<!-- end of custom query loop -->

Nothing complex going on. Just added some bootstrap classes for the layout purposes and using the blog-index.php template part for rendering individual blog post’s content.

“Hey! what is that wp_reset_postdata() function doing?”

Oh! Thanks for reminding! 

Do not forget to reset post data

The thing is if you notice the above code, we have placed a custom loop inside the main loop. We call this as a nested loop.

And, Just like the Main Loop, the nested Loop affects the global $post variable too. 

If you remember, for every iteration of the Loop, the_post()method overrides the global $post variable.

And if you notice, the nested custom loop is calling the the_post()method as well.

And this is a problem because of the fact that all the template tags that we use inside the Loop depend on this $post variable.

For example, before our custom nested Loop got executed, the global $post variable contains the Homepage information, right?

And because we created a Nested Loop, this original global $post variable is overridden inside the custom Loop and by the time we are done with our custom Loop, the global $post variable contains the information about the third blog post rather than the Homepage.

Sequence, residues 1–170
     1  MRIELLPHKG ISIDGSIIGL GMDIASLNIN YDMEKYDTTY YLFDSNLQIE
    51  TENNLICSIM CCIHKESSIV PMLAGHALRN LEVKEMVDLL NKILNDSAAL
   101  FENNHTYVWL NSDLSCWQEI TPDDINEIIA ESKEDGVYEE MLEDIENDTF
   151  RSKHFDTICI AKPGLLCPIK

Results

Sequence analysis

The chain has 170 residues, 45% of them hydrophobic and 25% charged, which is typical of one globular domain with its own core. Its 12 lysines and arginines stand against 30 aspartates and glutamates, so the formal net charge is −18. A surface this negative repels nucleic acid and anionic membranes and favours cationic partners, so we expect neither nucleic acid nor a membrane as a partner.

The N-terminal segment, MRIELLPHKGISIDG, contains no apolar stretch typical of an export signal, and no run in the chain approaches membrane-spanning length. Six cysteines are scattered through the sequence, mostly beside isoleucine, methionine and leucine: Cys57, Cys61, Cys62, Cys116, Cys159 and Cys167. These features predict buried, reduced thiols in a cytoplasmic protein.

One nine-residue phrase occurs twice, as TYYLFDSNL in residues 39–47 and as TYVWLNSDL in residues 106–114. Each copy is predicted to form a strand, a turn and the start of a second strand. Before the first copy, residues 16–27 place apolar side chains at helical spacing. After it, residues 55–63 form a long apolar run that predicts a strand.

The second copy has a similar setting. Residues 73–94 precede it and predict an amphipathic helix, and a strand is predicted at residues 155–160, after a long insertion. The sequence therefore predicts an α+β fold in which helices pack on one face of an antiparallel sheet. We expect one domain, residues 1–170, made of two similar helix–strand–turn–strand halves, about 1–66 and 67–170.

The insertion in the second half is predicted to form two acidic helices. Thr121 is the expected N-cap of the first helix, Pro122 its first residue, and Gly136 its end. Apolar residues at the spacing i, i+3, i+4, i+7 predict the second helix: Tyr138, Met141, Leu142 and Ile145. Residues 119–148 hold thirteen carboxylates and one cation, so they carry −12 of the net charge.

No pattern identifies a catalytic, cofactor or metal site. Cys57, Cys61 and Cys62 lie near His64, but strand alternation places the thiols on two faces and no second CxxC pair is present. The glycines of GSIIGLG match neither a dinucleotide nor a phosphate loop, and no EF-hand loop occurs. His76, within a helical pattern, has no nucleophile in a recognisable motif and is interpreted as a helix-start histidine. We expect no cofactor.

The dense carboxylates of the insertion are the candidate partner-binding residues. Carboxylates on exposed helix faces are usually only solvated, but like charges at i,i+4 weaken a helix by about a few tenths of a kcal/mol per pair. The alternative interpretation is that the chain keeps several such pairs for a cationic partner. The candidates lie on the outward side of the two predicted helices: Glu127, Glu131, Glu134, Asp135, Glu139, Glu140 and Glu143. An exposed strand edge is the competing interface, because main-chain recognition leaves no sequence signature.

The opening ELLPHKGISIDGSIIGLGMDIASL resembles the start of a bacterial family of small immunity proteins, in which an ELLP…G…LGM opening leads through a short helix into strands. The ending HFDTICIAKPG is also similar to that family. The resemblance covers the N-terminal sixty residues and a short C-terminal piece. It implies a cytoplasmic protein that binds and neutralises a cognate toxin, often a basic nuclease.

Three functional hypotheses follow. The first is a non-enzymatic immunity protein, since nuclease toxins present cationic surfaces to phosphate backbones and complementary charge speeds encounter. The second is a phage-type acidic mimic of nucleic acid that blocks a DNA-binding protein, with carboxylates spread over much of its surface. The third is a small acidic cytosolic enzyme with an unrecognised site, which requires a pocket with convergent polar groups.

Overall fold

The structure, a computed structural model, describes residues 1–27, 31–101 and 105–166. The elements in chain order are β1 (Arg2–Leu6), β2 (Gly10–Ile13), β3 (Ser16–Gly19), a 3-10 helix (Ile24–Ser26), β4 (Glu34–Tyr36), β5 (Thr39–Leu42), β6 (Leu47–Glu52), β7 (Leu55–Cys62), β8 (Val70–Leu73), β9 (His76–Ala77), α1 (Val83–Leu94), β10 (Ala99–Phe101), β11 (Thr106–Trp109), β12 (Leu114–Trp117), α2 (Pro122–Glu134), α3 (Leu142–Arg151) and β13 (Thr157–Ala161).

And there are chances that we might output some more Homepage content after displaying these blog posts too.

So, we are calling the wp_reset_postdata() function after the custom query loop to restore the global $post variable to its original state, that is, a state which contains the Homepage content.

If you did not understand, just put the above custom query Loop right underneath the the_content() function and remove the wp_reset_postdata() function and see how it breaks the content of the Homepage.

Ah! Disaster! 

WordPress is not displaying all the following sections of the Homepage at all.

If you still did not understand, just remember to put wp_reset_postdata() whenever you write a custom loop.

Anyway, here is the final front-page.php file for this lesson:


<?php
/**
 * The front page template file.
 *
 * If the user has selected a static page for their homepage, this is what will
 * appear.
 * Learn more: http://codex.wordpress.org/Template_Hierarchy
 *
 * @package Dosth App
 */
 
 get_header();